So it looks like The Libertines have finally knocked it on the head (again) this week. The only surprise about it is that it took so long; they managed to keep it together long enough to milk the big money festival appearances but the new film was obviously too much, not to mention their lead singer starting another extended break at Her Majesty’s pleasure. So, really, what was the big appeal of The Libertines? It was the Pete Doherty soap opera; but what’s so interesting about Pete Doherty?

Easy, he’s a bad boy and, even better, a middle-class bad boy. “Killed a man for his giro today”; I don’t think so Pete. Maybe you gave him a nasty pout. But this routine isn’t new; I’m sure Pete would want to trace it back to the English Romantic poets but we haven’t got time for that (sorry Byron, Keats and Shelley, maybe next time).

If you idolise musicians, then I really recommend that you read some musical biographies, and you should start with “No One Here Gets Out Alive”. The authors’ aim is to deify Jim Morrison, but you can’t read it without wanting to slap the spoilt brat. Turns out the Lizard King is just a slug with good PR. And if you’re looking for a link to Pete Doherty, it’s really simple; bad fourth form poetry.

Who’s next? Kurt (or Kurdt) Cobain, that’s who. The grunge soap opera finally ended in April 1994, when Cobain was found dead at his Seattle home at the age of 27, ensuring his membership of “that stupid club” (just google it, you don’t want me to do everything, do you?). The Charles Cross biography “Higher than Heaven” tries really hard to portray a tortured, kitty-petting artist but only shows us a selfish, whining prima donna who pulled the plug on the equal royalty shares for the band at the first sign of commercial success (not unlike a certain W Axl Rose). Talking of Mr Rose, you might wonder why he’s not featured. Easy; I like a challenge, and that would be like shooting fish in a barrel.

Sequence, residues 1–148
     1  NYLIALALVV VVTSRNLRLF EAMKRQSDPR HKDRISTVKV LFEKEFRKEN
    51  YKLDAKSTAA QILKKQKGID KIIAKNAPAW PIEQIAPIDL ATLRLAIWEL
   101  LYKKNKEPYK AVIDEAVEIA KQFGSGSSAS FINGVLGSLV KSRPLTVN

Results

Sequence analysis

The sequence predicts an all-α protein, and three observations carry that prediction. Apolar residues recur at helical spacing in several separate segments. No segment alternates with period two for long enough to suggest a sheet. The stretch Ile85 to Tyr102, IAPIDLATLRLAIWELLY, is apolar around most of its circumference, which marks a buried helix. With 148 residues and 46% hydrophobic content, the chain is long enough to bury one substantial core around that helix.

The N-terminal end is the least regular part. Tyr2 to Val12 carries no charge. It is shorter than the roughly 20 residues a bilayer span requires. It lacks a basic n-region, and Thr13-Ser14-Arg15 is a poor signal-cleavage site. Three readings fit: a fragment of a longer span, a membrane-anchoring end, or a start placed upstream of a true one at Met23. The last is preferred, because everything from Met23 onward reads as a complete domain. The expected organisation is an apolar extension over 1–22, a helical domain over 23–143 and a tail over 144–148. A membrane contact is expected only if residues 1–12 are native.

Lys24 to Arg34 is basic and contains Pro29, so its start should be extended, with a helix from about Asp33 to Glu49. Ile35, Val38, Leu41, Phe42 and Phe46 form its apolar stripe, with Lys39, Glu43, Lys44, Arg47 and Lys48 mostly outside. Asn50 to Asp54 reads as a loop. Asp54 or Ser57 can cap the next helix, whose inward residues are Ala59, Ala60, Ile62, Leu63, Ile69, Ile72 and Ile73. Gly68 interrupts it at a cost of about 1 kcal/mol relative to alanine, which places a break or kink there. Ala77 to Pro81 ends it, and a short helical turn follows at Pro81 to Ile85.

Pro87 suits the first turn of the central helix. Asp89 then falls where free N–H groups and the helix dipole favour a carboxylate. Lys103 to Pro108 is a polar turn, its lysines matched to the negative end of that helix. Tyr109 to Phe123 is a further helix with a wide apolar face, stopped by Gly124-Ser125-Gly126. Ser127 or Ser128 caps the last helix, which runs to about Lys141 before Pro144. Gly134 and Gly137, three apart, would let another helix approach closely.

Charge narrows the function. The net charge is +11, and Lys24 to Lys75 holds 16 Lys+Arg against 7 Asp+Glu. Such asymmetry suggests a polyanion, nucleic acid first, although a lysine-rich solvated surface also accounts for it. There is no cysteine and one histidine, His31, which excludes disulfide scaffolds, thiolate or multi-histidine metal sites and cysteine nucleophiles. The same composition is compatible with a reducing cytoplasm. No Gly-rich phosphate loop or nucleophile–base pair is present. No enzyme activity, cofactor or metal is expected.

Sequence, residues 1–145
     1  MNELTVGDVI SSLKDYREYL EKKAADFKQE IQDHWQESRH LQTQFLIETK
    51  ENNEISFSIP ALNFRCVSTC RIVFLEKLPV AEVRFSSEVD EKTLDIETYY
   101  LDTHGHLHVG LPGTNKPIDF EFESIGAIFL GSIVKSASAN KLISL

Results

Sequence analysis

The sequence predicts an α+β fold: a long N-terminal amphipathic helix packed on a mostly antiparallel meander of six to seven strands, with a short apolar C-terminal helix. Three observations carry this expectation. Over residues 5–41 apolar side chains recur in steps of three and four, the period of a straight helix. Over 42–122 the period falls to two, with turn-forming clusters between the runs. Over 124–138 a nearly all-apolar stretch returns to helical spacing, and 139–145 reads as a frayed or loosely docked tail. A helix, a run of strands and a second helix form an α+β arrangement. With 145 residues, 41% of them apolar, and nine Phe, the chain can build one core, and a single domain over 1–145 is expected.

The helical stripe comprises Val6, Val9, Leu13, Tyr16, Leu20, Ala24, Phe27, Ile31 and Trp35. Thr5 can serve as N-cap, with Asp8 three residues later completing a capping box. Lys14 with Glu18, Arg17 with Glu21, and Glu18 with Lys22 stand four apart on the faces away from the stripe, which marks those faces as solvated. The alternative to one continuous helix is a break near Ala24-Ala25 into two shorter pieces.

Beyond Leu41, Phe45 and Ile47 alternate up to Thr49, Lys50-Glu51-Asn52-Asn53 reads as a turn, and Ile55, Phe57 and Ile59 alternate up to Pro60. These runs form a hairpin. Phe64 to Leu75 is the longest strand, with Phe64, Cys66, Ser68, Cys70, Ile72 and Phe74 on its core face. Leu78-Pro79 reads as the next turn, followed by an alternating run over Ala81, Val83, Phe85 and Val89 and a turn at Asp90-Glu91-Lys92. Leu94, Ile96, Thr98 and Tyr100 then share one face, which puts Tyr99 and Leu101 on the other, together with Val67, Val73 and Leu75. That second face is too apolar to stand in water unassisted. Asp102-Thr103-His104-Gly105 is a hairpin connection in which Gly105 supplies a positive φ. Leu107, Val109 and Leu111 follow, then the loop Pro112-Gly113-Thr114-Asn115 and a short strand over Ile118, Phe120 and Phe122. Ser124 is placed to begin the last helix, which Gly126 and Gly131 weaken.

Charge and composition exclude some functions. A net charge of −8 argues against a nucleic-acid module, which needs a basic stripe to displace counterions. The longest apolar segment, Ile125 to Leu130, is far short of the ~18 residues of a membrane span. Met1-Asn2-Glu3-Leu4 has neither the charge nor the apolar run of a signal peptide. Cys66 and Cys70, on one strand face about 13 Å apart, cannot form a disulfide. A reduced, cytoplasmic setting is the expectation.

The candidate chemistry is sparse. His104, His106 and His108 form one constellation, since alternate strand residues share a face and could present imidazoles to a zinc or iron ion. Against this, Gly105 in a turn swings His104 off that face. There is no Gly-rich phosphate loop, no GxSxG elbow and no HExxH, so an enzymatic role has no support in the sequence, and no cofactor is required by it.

The first big gig I saw was Humble Pie at Sheffield City Hall and I was a huge fan of their leader, ex-Small Faces singer Steve Marriott. The band walked on, Marriott picked up a half bottle of brandy, took a big gulp and spat all over the stage. No invite to the Royal Variety Performance, then. If you read the Marriott biography “All Too Beautiful”, you see all the classic symptoms; an early-blossoming talent, sycophantic advisers and adulation at a very impressionable age. It still doesn’t excuse the brattish behaviour.

So it looks like it’s a great career move to be a bad boy; biographers love it and the music press love it. When Pete Doherty was released from the Scrubs in 2008, the NME was waiting in a taxi to get that all-important first interview. While he was being idolised for his burglary and substance abuse in the middle of the last decade, another performer had similar difficulties. Unlike the indie golden boy, Amy Winehouse was vilified in the tabloids and the music press because she was unreliable and obviously struggling to deal with various addictions. Were there any stories about how cool and rock’n’ roll it was to sing out of tune and turn up late for gigs? No; and what makes the situations different? Just the usual music biz institutionalised sexism.

However badly the lads behave, misguided teens will worship their bad behaviour and someone will write a cash-in biography which doubles as a manifesto for sanctification. As for the bad girls, don’t expect to get the same treatment as the guys; after all it’s only the twenty-first century.